Drywall boards are then attached, from underneath the ceiling, to the beam flanges, as by self-tapping screws. In applying the drywall to the grid, the faces of the drywall boards are wetted, and then are curved to the desired shape to conform to the faceted grid, prior to attachment to the grid.
The present invention is for an improved splice plate in the curved beam disclosed in the '850 application.
The splice plate of the invention can be used in both a convex curved and a concave curved main beam by merely inverting the plate.
In a convex ceiling, the plate permits cross beams in the grid to be connected through a slot in the plate. This positions the cross beams at the apexes of the faceted curves of the main beams. The curved drywall contacts the ceiling grid at the apexes, and at the cross beams, to which the curved drywall can be attached by self-tapping screws in the well-known prior art manner. This was not possible with the grid of the '850 application, since the cross beams were connected to the curved main beams away from the apexes, where the curved drywall did not contact the cross beams.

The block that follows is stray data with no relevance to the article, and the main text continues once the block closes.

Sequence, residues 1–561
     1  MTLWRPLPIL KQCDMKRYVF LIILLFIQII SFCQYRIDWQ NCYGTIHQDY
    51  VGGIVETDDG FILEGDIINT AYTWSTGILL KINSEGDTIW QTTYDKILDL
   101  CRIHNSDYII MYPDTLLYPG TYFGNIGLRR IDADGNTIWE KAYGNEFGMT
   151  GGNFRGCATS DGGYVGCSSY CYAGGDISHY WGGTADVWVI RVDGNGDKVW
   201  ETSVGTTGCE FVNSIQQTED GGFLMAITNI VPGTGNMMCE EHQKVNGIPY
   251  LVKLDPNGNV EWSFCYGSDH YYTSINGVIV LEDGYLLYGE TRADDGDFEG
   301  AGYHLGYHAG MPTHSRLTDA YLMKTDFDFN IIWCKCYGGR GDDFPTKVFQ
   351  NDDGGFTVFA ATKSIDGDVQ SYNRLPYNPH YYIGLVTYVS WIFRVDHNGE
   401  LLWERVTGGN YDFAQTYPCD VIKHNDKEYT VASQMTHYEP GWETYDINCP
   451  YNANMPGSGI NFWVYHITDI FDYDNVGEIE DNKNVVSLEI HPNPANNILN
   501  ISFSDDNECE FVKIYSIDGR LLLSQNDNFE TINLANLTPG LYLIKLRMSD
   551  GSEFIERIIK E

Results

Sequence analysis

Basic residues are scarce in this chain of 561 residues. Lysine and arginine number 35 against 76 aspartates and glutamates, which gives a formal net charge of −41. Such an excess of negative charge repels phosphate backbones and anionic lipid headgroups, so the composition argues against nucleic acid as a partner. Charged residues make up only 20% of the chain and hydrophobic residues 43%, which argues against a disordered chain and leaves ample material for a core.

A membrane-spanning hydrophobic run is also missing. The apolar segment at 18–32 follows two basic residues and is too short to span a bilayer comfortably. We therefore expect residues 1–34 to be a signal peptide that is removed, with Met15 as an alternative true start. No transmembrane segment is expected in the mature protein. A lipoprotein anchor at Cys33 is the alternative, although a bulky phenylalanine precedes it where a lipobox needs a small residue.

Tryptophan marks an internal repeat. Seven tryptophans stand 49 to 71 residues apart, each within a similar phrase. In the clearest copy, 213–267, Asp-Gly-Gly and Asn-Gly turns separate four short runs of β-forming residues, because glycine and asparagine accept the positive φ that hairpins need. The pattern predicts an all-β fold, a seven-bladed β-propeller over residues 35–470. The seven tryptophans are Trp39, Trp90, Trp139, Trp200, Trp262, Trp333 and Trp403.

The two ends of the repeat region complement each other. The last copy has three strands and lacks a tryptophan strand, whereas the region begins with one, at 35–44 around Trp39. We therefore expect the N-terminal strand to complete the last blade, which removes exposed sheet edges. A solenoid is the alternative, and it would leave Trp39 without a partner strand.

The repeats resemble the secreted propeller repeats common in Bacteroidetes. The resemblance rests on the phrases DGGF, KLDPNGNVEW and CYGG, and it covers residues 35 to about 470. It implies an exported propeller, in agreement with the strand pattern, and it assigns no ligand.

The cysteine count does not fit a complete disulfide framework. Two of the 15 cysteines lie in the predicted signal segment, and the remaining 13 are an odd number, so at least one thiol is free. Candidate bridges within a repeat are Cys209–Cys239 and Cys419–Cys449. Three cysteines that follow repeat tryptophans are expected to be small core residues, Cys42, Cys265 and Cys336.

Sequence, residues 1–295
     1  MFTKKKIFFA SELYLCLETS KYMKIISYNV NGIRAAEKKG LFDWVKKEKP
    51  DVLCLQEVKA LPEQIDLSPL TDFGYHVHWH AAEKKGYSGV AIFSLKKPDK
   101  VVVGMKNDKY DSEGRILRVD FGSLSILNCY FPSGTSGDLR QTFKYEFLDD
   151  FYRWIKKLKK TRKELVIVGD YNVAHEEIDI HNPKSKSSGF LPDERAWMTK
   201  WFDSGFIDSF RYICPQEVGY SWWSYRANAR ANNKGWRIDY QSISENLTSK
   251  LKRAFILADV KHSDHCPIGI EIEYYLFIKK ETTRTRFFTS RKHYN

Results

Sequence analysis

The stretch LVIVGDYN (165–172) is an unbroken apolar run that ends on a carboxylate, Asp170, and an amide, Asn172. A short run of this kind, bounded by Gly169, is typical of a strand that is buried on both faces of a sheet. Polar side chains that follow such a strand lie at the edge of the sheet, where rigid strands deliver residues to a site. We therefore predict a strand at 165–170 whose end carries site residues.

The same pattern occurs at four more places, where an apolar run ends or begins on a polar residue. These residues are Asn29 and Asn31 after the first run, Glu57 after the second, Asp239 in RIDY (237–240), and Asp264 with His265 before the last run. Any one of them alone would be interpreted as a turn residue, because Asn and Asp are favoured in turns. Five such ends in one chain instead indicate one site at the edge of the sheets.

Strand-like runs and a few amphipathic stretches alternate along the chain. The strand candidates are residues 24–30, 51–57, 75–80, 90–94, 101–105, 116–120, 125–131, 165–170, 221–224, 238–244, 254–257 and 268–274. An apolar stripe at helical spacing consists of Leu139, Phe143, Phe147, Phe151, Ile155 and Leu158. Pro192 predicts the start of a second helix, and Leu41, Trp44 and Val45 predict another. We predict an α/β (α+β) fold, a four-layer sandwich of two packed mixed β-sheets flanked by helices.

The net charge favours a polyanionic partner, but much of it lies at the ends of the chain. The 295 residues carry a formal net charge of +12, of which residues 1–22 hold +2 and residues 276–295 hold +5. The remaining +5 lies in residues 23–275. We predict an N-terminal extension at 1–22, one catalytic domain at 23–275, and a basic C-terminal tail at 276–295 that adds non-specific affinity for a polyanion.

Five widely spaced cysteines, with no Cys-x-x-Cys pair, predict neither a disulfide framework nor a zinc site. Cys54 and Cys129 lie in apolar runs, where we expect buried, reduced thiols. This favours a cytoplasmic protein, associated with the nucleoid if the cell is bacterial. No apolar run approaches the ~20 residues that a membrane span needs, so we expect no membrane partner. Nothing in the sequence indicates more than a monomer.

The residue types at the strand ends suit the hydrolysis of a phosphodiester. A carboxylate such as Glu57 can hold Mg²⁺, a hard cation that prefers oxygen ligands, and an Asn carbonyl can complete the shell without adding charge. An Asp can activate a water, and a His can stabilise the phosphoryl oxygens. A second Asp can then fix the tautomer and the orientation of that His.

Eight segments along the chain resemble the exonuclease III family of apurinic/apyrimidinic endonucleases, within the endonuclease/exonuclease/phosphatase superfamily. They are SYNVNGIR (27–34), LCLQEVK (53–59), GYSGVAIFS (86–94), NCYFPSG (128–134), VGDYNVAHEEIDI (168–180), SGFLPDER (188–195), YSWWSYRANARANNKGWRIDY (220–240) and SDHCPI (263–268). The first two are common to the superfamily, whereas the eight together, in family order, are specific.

In a concave curved ceiling, the concave curved main beams of the present invention can be suspended from the structural ceiling at the splice plates, and again, as in the convex curved ceiling, the curved drywall can be screwed directly into the cross beams at their points of contact between the drywall and the cross beams. In the case of the concave curved ceiling, the cross beams extend between the curved main beams at points midway along the chords of the faceted beams. It is at these points that the curved drywall contacts the ceiling grid.
In making convex curved main beam 37, or a concave curved main beam 39, there is first formed a straight beam 20 of inverted T cross section having a bulb 21, web 22, and horizontal flanges 23 and 25, as disclosed in the '850 patent application. Roll forming of a straight beam 20 is well-known in the prior art.